Here’s a depressing piece of information: Americans put on half of our annual weight gain between Thanksgiving and New
Year’s. Granted, that’s just two pounds a year, but research shows that people don’t lose it when the partying ends. And
if that happens year after year after year…well, you can do the math.
It’s much easier to not gain weight in the first place than it is to lose what you’ve put on. Ward off winter weight gain the easy way with these 5 tips. Download a FREE Winter Diet Recipes Cookbook!
—Brierley Wright, M.S., R.D., Nutrition Editor, EatingWell Magazine
Turn off the TV and the computer and enjoy your meal without distractions. Making an effort to be mindful, no matter what you’re eating, can help break the tendency to overeat—and help you feel more satisfied. In a recent study published in the American Journal of Clinical Nutrition, participants who ate lunch without distractions felt fuller 30 minutes after eating, and ate less when they snacked later, than people who played solitaire on a computer during their midday meal.
Even fitness fanatics are discouraged by the winter weather. Here’s the good news: you can significantly increase your overall calorie burn with everyday activities—so called “incidental exercise.” Unpacking the car for 10 minutes burns 30 calories. Straighten up the house for 20 minutes and use up 62 calories. Skip the escalators and elevators: 10 minutes of stair climbing burns 107 calories. Shoveling snow for 45 minutes will torch 342 calories.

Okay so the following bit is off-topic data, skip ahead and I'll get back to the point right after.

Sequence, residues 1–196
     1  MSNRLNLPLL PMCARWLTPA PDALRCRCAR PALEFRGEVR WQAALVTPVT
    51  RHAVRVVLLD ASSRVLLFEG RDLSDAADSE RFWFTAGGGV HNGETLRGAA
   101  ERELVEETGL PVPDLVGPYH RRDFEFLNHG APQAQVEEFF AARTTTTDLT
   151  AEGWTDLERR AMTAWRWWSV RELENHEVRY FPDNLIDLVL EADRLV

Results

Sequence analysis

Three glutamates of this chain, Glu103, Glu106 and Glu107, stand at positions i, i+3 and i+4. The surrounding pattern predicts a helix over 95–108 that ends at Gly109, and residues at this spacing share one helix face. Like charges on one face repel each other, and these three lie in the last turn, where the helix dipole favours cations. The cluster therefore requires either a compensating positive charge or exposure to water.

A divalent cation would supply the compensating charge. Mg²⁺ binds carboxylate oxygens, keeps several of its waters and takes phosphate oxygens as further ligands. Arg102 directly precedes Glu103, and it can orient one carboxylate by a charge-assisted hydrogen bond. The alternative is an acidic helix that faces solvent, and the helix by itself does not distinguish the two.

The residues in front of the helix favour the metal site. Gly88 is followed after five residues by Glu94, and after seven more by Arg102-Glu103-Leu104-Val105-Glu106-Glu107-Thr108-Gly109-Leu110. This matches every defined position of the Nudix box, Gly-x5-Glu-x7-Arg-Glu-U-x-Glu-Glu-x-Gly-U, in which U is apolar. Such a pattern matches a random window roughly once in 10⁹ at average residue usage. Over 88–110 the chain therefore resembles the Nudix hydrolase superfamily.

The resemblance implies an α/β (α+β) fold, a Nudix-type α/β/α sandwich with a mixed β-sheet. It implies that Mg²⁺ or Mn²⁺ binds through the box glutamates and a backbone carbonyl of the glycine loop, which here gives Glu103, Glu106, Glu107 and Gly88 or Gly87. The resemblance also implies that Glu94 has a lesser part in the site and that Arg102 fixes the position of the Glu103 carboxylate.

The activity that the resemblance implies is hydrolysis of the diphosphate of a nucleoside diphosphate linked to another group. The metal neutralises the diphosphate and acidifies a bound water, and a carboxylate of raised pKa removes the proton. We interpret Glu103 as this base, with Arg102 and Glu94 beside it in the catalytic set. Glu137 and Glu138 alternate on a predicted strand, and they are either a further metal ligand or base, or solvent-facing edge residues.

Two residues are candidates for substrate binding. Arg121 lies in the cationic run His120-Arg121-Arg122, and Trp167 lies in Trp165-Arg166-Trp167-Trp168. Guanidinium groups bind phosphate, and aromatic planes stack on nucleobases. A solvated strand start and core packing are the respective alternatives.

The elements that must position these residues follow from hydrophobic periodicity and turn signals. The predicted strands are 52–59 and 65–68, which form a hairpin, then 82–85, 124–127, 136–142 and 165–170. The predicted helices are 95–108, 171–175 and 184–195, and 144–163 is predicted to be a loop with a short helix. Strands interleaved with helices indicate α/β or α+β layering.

In moderation. Studies suggest that feeling deprived—even if you are consuming plenty of calories—can trigger overeating. And making any food off-limits just increases its allure. So savor a small treat: it won’t break your diet! Two squares of dark chocolate or 1/2 cup of (nonpremium) ice cream clock in at under 150 calories.
Skimping on shut-eye can pack on the pounds, possibly by altering hunger hormones. Other recent research—out of Harvard—shows that missing even an hour or two of sleep may make you more likely to give in to junk food the next day. Why? The prefrontal cortex—part of the brain responsible for self-control—is compromised by sleep loss.
Get the Recipe: Baked Mac & Cheese
You know that eating more vegetables (fruit, too) is an easy way to cut calories—you get a lot of food for not that many calories, plus a healthy dose of feel-full fiber. But sneaking veggies into your favorite dishes might help, too: when researchers from Penn State University gave people two nearly identical versions of entrees—one was sneakily made lighter with hidden pureed veggies—participants ate fewer calories (in some cases nearly 400 fewer calories) and more fiber, yet reported feeling just as full and satisfied, when they ate the hidden–vegetable entree.